Who is the name of the father of machines

A brief history of the steam engine

20th February 2019

The industrial revolution also boiled only with water - more precisely with steam, which drove the pistons of machines, pumps and locomotives. But the new technological possibilities also harbored unknown dangers. In our brief history of the steam engine, we tell how steam power was discovered, what risks it entailed and how the steam boiler monitoring associations protected people from the technology.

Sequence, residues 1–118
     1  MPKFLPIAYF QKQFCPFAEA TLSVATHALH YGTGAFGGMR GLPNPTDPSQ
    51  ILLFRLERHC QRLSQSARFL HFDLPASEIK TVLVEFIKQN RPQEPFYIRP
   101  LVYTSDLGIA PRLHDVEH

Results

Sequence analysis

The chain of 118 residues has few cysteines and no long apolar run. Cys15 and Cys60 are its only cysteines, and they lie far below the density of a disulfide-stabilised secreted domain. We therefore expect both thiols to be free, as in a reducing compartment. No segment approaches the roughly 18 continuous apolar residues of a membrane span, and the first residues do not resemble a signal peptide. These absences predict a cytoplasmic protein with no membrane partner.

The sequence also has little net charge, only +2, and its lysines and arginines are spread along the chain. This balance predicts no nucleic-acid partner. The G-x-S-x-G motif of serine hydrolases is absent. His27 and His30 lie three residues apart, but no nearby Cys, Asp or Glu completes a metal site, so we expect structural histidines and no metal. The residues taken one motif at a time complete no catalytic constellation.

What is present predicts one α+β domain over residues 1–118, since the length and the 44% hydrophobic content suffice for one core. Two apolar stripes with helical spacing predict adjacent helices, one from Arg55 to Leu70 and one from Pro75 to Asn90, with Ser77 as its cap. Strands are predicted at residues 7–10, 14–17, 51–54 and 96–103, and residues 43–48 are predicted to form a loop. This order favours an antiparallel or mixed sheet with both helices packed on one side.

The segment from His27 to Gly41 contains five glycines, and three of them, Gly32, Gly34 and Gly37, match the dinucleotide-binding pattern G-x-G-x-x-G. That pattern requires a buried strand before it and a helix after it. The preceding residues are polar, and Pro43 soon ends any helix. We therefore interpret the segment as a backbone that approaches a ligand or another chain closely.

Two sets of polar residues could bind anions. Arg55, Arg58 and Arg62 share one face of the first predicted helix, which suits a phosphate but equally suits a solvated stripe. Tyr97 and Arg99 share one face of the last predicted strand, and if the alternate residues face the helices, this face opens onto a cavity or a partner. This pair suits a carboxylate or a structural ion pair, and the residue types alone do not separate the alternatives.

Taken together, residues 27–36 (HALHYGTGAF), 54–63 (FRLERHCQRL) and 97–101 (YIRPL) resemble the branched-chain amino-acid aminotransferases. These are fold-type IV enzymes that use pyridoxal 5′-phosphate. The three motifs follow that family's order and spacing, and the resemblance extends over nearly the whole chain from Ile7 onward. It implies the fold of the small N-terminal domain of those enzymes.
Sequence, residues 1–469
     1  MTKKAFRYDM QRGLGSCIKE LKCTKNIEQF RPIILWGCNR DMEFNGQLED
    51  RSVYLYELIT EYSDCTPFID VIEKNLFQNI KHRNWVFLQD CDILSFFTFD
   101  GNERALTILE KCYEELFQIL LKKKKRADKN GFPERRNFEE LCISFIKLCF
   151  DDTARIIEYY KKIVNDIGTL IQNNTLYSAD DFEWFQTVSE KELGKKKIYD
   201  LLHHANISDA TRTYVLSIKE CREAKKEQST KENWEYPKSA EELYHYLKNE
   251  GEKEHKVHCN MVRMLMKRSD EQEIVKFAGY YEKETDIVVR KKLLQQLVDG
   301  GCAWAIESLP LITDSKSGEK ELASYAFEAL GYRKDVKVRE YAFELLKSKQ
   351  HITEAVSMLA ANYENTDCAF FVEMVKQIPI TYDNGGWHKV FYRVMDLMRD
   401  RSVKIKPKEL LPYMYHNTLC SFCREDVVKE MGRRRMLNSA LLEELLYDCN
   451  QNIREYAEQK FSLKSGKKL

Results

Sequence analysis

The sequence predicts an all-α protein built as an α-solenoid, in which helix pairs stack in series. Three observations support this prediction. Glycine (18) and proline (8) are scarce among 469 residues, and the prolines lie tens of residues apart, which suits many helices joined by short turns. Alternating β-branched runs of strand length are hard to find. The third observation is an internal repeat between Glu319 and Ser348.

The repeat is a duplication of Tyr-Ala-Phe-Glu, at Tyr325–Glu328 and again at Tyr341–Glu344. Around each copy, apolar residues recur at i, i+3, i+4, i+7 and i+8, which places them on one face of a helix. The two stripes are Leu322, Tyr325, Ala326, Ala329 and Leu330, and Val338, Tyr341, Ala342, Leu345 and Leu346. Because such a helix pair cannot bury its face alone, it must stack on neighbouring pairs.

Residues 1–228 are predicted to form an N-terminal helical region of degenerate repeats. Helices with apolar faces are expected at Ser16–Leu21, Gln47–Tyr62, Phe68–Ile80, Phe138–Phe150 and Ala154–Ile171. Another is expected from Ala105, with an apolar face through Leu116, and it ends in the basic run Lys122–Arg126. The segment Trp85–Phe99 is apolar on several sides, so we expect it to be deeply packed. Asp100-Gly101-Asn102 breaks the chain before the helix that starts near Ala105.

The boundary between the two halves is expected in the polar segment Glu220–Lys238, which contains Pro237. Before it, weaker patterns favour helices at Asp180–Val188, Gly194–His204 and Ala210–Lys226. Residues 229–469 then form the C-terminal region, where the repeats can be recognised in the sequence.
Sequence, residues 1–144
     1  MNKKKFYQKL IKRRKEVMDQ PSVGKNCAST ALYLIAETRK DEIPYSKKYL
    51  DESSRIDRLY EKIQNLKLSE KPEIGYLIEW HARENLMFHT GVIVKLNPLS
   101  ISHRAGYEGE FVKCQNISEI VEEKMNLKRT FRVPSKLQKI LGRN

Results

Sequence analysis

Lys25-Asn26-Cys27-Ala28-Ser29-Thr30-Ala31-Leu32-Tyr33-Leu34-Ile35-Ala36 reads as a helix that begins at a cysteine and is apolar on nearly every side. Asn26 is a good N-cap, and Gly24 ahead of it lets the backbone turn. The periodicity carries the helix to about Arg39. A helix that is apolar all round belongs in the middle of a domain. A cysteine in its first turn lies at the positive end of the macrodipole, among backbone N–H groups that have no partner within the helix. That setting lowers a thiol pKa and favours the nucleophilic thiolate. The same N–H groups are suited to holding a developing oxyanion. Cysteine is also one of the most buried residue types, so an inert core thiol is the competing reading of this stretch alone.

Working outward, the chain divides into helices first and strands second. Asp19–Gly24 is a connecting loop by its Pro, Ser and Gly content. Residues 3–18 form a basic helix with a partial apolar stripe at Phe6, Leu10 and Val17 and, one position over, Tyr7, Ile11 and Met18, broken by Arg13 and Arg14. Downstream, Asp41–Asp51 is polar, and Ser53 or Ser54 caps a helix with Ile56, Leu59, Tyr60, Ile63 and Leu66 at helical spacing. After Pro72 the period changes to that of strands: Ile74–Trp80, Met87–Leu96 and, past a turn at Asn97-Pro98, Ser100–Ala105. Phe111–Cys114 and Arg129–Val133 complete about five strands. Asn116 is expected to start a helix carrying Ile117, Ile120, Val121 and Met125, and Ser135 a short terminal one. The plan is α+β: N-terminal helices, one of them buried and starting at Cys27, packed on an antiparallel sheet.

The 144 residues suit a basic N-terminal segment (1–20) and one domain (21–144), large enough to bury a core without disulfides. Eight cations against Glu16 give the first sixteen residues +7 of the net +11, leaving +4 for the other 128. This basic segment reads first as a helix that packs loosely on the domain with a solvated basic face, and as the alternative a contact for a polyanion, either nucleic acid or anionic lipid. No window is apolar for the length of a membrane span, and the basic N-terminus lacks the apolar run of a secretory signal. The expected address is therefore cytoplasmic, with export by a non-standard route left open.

As you know, in the beginning there was fire. With it, our ancestors were able to drive away wild animals, burn vessels from clay, turn indigestible roots into nutritious food and hostile places into a home. Since then, mankind has been constantly developing new ideas to make the elements usable: With wind power, grain was ground into flour and sailed across the oceans to unknown shores. Hydropower could be used to grind or saw wood. But wind doesn't blow everywhere, ships and wind turbines stand still when there is calm. And the more reliable hydropower cannot always be generated where it can be used to drive water wheels, pumps or saws. It was only with the invention of the steam engine that propulsion energy promised anywhere on earth - and performance that even workhorses could not keep up with. James Watt is often celebrated as her father. But the Scottish inventor was by no means the first to grapple with the technology.